This week’s Best Women’s Travel Writing 2010 contributor has lived with nuns in Ethiopia, skied down volcanoes in New Zealand, gotten her heart broken in Taipei, and nearly been abandoned at the border in Honduras: Sara Bathum. She currently lives in Seattle with her husband and newborn son.
What is “home” for you? Is it a particular place or person or thing?
I’m a Seattleite. The Pacific Northwest is my home. Mount Rainier. Puget Sound. The giant trees of our coastal rainforest. My great grandmother arrived in Washington State in the late 1800s, shortly after it joined the Union, making my eight-month-old son a fifth-generation Washingtonian. There aren’t many of him around these parts. I’ve visited and lived in a fair number of other places in the world and I figure one of them will always be pulling at me, no matter where I am. As long as that’s happening and I can’t run out the door at every tug – especially now that it requires a diaper bag – I want to help my son develop the same strong sense of place.
When did you first hit the road? How did it go?
I crossed the equator for the first time when I was two years old. My father is an artist and former high school art teacher and packed our family off to New Zealand for a year on a teacher exchange. After we landed, the pilot of the Air New Zealand flight gave my four-year-old brother and me special certificates and pilot’s wings. It all seemed very official and serious. One of my very first memories as a child is of that trip – being wheeled across a tarmac in a stroller. It was dark outside, the plane ahead was loud and enormous and all lit up, lights flashing red and blue. I remember my bare toes stuck out of my blanket. In those days you couldn’t fly direct from the western coast of the United States, so we island-hopped our way across the Pacific – Hawaii, Fiji, Tahiti. That year we stayed in another family’s home in Manurewa, outside of Auckland, while they stayed in our little dairy town outside of Seattle. (My biggest concern was whether the other family would take down our bunk beds while we were away!) I remember things about that year that a two and three-year-old would find very important: the toilet flushed very loudly and swirled down the drain in the opposite direction (so my mother told me), the neighbor girl had a big blue trampoline, and my brother got to go to school and I didn’t.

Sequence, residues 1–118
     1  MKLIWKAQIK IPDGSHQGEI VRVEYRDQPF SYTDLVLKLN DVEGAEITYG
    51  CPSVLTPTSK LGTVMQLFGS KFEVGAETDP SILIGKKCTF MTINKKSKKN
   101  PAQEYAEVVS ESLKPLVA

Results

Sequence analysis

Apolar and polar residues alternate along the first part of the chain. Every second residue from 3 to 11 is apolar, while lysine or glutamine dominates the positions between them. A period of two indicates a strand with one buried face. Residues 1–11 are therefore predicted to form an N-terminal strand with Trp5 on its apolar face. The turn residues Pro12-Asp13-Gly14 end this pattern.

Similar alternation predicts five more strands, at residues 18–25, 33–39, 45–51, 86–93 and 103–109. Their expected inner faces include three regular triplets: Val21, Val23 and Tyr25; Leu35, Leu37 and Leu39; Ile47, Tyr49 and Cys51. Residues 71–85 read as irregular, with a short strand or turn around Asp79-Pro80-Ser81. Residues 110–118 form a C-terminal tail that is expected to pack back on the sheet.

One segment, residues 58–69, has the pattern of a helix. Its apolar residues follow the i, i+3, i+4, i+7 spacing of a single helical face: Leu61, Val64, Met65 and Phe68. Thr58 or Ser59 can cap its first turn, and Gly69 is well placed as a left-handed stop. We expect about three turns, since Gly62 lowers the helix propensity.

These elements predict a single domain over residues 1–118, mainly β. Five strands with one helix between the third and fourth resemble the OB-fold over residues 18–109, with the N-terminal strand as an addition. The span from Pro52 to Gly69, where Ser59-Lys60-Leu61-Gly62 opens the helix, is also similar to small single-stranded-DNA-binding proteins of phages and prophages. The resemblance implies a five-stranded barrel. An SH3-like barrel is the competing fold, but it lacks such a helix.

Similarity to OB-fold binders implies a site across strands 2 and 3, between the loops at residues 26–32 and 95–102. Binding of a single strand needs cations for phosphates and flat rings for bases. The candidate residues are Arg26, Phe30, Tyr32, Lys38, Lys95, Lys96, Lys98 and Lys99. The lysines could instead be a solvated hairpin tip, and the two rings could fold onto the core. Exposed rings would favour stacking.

How did you break into the travel writing scene?
Dumb luck. The first story I wrote about living with the nuns in Ethiopia was published by Travelers’ Tales. It was really just my way of making sense of the whole experience. More specifically, how I could find the courage to travel alone to middle-of-nowhere East Africa – this bright blue sky world – only to find myself suddenly under the thumb of one stern and unforgiving Mother Superior who insisted I couldn’t go out after dark. Or travel around with friends when I wasn’t teaching. Or be late for dinner because I’d lingered for a moment one evening in a field full of fireflies. (We don’t have fireflies in Seattle…) Writing about it was my way of getting even with her, I suppose. Her insistence that I become one of her flock and behave like a nun. (I realize some may think I should have known what I was getting myself into, agreeing to live with Roman Catholic nuns, but I was raised Lutheran and my limited experience of nuns growing up was of joke-cracking, card-playing ladies who didn’t wear habits.) The other sisters in Ethiopia saved me with their kindness and humor. Washing dishes after dinner – when Sister Thomasina wasn’t around – they would snap each other on the butt with tea towels and then shout, “Hey, that’s only for Jesus!” I loved them. I’m still convinced that I’m going to hell for writing such things about Sister Thomasina, or – worse yet – that she really will use her supernatural powers to find me and punish me for it. Years later, she still has this ridiculous hold on me.
Let’s say you could take a free trip with anyone of your choosing. Who would it be, where would you go, and why?
I want to take my husband and son (when he’s old enough to really remember) to Ethiopia – to the village where I lived. It’s that simple.